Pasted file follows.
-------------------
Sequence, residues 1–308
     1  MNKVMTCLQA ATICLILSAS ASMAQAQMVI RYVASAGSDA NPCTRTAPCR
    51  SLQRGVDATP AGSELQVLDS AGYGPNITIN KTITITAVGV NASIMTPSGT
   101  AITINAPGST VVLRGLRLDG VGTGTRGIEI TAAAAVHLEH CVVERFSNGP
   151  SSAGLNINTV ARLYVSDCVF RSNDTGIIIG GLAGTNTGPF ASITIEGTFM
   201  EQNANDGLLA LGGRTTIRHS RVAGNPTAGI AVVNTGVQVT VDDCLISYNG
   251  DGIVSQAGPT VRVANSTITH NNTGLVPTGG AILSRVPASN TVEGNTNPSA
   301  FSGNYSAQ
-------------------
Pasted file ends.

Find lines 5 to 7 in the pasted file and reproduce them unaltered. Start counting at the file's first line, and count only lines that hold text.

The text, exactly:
   151  SSAGLNINTV ARLYVSDCVF RSNDTGIIIG GLAGTNTGPF ASITIEGTFM
   201  EQNANDGLLA LGGRTTIRHS RVAGNPTAGI AVVNTGVQVT VDDCLISYNG
   251  DGIVSQAGPT VRVANSTITH NNTGLVPTGG AILSRVPASN TVEGNTNPSA